If you haven’t followed the series, 2.22 will throw you face first into the compelling but altogether convoluted story that is Evangelion.Evangelion 2.22 is the Blu-ray edition of Evangelion: 2.0 You Can (Not) Advance; the second part of an anime tetralogy that follows the story of its TV series counterpart, Neon Genesis Evangelion. The ‘.22’ comes with the added special features thrown into the release.
If you haven’t followed the series, 2.22 will throw you face first into the compelling but altogether convoluted story that is Evangelion.
On face value, it might look like more over-stylised robot fighting ala Gundam Wing and the rest of the childish anime romp that follows suit, but Evangelion manages to pull up some deeper layers than its one dimensional counterparts in the style of some of Japan’s greater animating names.
The film sees the fate of a crumbling world lie on the shoulders of angst-ridden teenagers who pilot high-powered, surreal androids against ‘Angels’ that seek to destroy the Earth, all while dealing with their own issues of abandonment, identity and alienation.
The burden of the future and the stolen innocence of the young are symbolically typified across the film as the protagonists are often viewed as fragile and child-like aside a monstrous palette of destruction on their behalf. Piloting their super-suits threatens to pull away their humanity …
Evangelion is directed, produced and written by Hideaki Anno whose original claim to fame came from working with acclaimed anime aficionado, Hayao Miyazaki (creator of the Oscar-winning Spirited Away). Anno originally worked on Miyazaki’s Nausicaa of the Valley of the Wind, arguably one of Miyazaki’s best early films, and the ongoing expertise he brings to the table is evident in Evangelion.
Evangelion is gorgeous from an animation perspective, but the contrasting of seamless, frenetic action scenes that are easily enjoyable on base value next to the horrid depictions of violence are affronting (in the best way possible).
There’s a harrowing take on typical machine-driven and desensitised anime like Gundam Wing that views its own genre with an eye of criticism, and a hint of cynicism. The gritty, monstrous depiction of cyborg-like machines is disturbingly human but grotesque at the same time, lending itself to a metacritique on anime itself.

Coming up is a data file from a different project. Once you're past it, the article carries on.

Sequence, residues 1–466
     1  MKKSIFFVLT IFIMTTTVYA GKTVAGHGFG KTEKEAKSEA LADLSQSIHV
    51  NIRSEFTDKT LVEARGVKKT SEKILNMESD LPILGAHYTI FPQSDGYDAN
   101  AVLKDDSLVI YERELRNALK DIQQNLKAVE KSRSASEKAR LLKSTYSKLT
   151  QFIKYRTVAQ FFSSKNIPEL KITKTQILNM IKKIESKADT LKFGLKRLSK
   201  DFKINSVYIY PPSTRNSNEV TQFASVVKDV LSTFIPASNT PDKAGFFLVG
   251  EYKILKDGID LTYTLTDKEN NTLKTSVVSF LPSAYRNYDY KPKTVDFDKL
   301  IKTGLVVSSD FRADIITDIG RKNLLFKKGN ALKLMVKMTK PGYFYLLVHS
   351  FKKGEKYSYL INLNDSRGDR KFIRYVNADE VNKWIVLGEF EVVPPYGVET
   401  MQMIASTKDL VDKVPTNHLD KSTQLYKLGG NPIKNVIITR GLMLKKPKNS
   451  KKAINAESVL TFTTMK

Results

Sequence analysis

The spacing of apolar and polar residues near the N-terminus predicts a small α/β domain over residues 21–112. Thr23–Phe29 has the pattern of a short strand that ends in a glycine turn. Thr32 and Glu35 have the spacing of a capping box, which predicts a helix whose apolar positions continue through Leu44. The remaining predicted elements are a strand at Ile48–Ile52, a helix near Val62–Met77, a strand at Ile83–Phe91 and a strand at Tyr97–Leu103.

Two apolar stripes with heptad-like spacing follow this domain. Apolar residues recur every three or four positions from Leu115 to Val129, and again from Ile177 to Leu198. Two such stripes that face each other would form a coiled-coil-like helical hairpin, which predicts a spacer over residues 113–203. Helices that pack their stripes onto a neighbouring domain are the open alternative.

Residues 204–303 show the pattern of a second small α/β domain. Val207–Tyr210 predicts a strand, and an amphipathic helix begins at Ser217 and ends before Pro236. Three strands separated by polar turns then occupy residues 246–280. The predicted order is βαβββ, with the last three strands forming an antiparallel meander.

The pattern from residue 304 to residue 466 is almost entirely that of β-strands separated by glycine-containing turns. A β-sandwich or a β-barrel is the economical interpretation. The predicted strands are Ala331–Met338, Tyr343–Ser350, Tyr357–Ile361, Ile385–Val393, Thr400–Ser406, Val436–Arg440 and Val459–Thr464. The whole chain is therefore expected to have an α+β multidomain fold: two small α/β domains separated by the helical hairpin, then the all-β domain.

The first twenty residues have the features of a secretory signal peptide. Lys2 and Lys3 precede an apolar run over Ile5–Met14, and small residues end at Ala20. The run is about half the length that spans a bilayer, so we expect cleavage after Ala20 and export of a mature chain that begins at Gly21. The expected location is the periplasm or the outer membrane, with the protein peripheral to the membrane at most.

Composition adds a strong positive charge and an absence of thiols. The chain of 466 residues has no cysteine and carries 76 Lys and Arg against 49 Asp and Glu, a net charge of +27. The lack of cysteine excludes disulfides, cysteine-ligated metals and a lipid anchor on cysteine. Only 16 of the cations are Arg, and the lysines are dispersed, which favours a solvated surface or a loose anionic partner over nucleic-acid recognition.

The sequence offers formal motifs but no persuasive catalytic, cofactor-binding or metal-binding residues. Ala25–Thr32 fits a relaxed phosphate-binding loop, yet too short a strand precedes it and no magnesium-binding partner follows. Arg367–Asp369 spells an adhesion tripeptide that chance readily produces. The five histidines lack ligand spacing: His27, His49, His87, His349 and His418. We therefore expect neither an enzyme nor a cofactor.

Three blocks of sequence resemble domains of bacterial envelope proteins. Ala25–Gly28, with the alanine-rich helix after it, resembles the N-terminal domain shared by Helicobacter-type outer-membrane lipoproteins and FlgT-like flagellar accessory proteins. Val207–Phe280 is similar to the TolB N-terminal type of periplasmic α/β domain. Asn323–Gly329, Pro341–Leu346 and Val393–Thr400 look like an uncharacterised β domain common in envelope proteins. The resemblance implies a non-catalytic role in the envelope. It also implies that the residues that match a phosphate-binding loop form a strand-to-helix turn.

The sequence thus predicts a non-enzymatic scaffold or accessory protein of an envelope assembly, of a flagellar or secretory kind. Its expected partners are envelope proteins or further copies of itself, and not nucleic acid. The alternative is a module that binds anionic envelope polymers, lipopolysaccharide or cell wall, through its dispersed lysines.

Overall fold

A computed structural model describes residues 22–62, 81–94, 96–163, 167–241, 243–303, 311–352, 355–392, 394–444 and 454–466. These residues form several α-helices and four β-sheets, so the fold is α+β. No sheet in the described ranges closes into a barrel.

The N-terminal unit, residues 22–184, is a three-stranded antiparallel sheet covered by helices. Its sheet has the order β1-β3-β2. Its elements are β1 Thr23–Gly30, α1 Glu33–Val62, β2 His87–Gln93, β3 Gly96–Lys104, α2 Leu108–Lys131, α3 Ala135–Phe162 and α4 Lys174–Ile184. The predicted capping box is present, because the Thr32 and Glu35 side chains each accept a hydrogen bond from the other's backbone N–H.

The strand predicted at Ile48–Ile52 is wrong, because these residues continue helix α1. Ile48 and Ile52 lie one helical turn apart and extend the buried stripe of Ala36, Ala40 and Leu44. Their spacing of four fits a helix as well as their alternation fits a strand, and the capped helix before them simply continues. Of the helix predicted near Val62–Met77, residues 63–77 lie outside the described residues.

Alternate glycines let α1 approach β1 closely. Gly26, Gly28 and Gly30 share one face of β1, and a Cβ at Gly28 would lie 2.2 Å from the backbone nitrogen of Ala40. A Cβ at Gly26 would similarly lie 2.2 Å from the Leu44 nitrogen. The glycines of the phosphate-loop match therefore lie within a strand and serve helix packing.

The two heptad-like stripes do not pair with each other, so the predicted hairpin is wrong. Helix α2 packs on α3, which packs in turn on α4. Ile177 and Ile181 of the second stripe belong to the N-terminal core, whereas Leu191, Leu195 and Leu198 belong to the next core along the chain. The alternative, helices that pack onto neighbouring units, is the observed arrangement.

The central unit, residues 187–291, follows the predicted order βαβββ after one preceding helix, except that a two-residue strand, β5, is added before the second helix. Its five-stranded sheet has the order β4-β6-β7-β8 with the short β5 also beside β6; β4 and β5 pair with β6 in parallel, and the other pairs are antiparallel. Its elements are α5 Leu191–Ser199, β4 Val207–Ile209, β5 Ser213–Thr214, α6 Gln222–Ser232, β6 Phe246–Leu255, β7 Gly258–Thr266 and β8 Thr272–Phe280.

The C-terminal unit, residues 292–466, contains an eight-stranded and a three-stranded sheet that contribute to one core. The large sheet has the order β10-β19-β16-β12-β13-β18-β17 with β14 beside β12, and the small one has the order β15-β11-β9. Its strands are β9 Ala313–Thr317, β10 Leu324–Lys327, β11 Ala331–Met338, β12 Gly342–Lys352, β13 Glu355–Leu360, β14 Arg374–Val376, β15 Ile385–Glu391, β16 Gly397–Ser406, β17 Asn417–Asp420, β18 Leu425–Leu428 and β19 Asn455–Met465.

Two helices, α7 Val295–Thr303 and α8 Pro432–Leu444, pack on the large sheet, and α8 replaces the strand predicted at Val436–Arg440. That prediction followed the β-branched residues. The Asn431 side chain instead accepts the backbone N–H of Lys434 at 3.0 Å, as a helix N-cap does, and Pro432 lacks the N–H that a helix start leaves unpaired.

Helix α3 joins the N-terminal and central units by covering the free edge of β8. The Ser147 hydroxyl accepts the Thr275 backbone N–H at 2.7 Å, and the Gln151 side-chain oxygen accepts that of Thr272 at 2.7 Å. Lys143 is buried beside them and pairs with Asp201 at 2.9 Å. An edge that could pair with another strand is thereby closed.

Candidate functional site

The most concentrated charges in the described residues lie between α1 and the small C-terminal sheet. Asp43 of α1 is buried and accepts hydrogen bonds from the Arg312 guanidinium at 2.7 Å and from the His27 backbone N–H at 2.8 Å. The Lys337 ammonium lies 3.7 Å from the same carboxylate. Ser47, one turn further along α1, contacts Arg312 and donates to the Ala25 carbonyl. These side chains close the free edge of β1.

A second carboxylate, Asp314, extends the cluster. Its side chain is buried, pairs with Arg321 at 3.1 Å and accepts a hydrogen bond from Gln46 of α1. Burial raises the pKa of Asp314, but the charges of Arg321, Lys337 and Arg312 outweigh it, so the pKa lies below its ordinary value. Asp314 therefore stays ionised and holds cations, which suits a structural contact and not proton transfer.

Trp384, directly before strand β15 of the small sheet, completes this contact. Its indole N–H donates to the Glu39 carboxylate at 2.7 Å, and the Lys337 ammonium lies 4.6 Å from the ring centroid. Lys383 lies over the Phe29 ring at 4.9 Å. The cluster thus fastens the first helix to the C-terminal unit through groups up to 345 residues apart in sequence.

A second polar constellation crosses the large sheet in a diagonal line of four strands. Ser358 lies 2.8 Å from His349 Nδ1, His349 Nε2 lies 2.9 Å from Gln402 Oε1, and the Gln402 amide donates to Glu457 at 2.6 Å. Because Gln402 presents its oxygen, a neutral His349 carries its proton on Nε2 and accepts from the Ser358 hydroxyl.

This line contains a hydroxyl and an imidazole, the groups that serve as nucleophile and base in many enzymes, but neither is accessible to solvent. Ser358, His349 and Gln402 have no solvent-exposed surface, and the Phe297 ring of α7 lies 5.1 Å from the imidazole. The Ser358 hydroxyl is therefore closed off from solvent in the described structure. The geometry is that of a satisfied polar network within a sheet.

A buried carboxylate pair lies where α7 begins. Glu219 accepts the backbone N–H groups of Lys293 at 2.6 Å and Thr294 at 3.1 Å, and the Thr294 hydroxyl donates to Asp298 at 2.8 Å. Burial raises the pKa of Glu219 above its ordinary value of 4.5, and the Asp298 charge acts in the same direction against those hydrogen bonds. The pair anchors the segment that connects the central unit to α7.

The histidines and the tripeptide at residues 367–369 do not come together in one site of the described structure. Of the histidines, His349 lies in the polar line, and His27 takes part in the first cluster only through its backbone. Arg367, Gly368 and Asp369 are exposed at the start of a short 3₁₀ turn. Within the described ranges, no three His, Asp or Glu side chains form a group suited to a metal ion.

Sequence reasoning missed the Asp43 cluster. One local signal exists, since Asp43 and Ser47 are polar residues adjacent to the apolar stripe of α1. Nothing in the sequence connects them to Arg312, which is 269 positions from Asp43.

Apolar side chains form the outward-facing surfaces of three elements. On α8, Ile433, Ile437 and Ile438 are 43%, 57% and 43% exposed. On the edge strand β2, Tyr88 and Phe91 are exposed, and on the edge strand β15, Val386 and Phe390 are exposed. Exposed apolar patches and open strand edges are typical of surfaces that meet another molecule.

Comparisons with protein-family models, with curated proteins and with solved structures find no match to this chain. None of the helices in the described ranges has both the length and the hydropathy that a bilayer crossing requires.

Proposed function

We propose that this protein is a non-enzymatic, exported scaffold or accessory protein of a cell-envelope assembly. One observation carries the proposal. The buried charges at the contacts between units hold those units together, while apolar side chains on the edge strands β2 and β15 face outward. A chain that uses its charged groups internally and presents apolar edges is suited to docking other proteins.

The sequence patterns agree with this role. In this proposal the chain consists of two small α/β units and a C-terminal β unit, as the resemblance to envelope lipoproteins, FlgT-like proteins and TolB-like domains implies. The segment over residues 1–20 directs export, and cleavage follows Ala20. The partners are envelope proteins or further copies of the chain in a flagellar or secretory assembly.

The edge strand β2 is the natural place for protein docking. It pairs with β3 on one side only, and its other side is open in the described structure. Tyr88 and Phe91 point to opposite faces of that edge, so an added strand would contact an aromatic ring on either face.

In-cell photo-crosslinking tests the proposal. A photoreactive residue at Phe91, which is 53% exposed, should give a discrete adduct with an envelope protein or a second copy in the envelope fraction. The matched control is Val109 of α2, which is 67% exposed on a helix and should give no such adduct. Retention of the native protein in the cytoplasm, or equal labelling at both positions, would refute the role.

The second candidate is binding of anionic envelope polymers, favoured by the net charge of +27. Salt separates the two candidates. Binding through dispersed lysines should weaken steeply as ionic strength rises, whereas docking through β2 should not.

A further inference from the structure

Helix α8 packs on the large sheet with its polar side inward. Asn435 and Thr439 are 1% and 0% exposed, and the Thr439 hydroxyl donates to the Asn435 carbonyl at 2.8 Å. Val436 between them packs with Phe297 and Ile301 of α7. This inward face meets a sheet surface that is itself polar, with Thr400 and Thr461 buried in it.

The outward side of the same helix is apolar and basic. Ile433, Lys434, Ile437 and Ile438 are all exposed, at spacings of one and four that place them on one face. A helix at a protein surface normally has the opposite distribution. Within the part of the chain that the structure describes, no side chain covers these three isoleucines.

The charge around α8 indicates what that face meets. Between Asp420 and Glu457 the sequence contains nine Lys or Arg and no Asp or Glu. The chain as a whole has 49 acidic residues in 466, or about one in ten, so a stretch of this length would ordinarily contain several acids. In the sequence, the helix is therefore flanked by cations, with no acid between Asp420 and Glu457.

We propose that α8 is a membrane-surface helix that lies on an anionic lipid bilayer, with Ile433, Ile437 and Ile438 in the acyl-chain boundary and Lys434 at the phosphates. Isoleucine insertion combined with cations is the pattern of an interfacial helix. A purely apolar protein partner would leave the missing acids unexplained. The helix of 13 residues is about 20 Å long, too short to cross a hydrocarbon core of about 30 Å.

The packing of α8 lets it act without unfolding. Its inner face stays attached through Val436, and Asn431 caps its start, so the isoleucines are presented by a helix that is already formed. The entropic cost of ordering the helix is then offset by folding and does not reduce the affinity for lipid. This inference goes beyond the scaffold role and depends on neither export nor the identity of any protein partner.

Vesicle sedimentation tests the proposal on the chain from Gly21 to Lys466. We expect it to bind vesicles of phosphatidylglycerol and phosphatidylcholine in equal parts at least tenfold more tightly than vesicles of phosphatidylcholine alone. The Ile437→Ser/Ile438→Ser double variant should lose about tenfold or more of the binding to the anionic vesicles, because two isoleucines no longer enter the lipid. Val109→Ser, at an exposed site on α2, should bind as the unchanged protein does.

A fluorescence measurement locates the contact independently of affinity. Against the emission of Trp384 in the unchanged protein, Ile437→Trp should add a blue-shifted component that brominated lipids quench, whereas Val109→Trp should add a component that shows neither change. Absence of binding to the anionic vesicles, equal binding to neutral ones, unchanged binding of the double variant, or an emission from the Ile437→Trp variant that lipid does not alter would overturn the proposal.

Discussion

Here hints of the ‘superflat’ art movement in Japan that took inspiration from anime to address the moroseness of consumer-driven society take a resounding stomp back into its own territory. Anime is partly turned against itself, while at the same time is revitalised.
There’s plenty of fan service thrown in as the film lives up the series for followers of the saga, but the details swallow a lot of the narrative. Flooded with religious and spiritual metaphors and blathering that bleed over a lot of the storytelling, it tends to convolute an already over encumbered story. The layered detail does lead to poignant peaks though, and there are many gripping moments that resonate long after the scene fades to black.
Evangelion pushes the envelope for the typical anime/sci-fi portfolio, and throws viewers straight into the running story of the first Evangelion and the series. You’ll have to play catch up if you haven’t seen the first, but it does function in its own right with enough steam in its own engine to pull it through as an individual story. While the Neon Genesis series could easily fall into the bland, melodramatic sci-fi anime trap, Evangelion 2.22 marks a hint of maturity in the big screen adaptation.